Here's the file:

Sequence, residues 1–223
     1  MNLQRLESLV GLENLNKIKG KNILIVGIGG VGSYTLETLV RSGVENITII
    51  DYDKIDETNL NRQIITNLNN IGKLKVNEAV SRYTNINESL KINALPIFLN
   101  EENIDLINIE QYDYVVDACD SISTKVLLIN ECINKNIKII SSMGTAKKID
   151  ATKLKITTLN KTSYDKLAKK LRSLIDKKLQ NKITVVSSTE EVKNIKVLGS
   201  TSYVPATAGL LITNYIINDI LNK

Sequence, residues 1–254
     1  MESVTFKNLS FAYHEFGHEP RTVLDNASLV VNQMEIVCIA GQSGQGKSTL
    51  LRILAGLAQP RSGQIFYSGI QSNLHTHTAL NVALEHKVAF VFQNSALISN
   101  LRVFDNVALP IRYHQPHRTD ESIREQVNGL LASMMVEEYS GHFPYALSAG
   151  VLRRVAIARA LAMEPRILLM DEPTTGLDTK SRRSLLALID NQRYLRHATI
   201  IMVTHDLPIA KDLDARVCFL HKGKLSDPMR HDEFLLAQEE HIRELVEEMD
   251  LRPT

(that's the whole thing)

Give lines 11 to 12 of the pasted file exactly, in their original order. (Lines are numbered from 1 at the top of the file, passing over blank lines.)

   151  VLRRVAIARA LAMEPRILLM DEPTTGLDTK SRRSLLALID NQRYLRHATI
   201  IMVTHDLPIA KDLDARVCFL HKGKLSDPMR HDEFLLAQEE HIRELVEEMD